Text message causes tension in Portugal's coalition gov't

LISBON, Portugal (AP) — A cell phone text message is straining relations between the two parties in Portugal's coalition government, which plan to stand together in a general election later this year.

Prime Minister Pedro Passos Coelho, in a new biography published late Tuesday, spills some secrets about the tough times his government has endured since imposing austerity measures following the country's 78 billion-euro ($87.5 billion) bailout in 2011 amid Europe's debt crisis.

He claims Paulo Portas, head of the junior party in the center-right coalition, informed him by text message that he was quitting as foreign minister during a political crisis two years ago that almost brought down the government in what became known as the "cold summer" of 2013.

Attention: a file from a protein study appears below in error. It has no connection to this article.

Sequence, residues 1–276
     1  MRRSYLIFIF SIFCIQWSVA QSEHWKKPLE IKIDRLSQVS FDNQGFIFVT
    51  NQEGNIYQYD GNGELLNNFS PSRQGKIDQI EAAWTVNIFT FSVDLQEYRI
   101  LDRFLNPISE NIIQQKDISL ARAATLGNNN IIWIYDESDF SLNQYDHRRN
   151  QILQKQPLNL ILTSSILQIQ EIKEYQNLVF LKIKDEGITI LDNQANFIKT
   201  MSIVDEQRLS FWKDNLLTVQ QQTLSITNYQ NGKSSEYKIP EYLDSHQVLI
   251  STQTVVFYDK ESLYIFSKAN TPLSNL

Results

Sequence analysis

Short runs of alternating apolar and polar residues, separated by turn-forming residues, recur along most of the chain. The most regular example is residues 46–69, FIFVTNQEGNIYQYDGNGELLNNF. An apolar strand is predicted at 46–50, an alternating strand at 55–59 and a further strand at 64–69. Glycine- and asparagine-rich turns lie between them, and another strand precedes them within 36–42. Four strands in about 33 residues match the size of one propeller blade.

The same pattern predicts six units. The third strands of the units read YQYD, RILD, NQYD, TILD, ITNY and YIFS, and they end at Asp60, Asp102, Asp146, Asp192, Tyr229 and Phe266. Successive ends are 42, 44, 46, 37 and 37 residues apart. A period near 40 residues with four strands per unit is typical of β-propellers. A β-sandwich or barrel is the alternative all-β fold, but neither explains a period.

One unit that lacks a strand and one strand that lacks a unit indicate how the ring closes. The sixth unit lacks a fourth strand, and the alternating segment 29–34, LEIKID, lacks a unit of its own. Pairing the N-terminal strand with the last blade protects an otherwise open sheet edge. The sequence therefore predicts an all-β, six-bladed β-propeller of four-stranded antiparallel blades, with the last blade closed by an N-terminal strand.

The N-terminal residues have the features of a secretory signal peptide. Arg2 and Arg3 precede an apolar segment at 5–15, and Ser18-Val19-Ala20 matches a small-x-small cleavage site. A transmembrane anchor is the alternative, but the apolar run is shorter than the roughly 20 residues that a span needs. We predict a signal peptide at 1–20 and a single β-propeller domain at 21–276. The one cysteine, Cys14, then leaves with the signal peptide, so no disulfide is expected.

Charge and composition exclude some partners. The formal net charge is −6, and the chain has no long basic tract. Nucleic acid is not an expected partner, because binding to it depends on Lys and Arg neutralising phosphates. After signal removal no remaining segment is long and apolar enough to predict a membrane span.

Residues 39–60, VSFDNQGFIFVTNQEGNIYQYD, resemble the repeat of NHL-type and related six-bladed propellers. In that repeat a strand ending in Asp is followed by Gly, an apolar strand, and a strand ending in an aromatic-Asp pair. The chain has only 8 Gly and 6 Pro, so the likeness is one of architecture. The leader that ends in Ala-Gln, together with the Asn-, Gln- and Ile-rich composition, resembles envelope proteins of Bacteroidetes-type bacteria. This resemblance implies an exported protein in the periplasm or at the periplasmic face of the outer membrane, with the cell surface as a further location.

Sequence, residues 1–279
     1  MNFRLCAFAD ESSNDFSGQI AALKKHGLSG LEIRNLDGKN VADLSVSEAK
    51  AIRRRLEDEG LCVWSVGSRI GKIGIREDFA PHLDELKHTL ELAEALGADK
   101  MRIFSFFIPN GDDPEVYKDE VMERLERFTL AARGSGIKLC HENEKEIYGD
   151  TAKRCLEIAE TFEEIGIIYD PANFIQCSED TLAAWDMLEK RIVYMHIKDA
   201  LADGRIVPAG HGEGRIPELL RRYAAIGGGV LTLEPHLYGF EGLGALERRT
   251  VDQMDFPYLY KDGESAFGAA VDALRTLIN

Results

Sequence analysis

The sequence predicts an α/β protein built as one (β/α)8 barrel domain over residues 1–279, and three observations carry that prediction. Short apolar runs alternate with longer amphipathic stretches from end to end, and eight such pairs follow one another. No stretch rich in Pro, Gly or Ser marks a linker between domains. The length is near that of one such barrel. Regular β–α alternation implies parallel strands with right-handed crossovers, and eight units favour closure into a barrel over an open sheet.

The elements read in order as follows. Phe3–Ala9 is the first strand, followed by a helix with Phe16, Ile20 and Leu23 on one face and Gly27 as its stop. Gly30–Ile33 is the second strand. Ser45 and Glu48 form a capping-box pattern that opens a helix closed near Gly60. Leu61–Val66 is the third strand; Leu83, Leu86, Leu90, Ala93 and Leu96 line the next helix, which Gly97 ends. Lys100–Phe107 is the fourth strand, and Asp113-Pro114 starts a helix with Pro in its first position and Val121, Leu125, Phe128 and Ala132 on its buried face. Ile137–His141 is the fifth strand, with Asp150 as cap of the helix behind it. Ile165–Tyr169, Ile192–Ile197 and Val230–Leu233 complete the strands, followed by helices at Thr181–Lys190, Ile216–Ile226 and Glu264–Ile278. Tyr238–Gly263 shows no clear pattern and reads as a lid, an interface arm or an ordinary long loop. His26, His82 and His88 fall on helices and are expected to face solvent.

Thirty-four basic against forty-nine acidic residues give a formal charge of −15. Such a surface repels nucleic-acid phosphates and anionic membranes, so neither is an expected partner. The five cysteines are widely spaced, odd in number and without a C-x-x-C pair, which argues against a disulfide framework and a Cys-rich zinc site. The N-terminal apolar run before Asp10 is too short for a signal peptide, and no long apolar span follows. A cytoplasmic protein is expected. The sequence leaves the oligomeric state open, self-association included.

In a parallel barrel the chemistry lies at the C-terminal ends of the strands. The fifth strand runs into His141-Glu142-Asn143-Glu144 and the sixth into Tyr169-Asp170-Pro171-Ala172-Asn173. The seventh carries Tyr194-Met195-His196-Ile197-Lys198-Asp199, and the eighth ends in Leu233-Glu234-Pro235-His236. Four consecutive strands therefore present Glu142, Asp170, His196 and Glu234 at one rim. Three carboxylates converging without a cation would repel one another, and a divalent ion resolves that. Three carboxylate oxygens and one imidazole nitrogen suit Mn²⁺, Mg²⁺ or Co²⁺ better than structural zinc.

Portas' Popular Party responded to the embarrassing revelation in a statement, saying the resignation "was naturally formalized by letter." It added that the book's author had not consulted Portas about the text message claim, which it attributed to a "lapse" by the author.

Neither Passos Coelho, leader of the Social Democratic Party which is the senior coalition partner, nor Portas commented publicly on the spat Wednesday.

But officials in both government parties expressed discomfort over the issue, which erupted just 10 days after they agreed to fight a fall election together. They face a strong challenge from the main opposition Socialist Party which is seducing voters with a call for unpopular austerity measures to be eased.

Portas later withdrew his 2013 resignation, staying on after being promoted to deputy prime minister.

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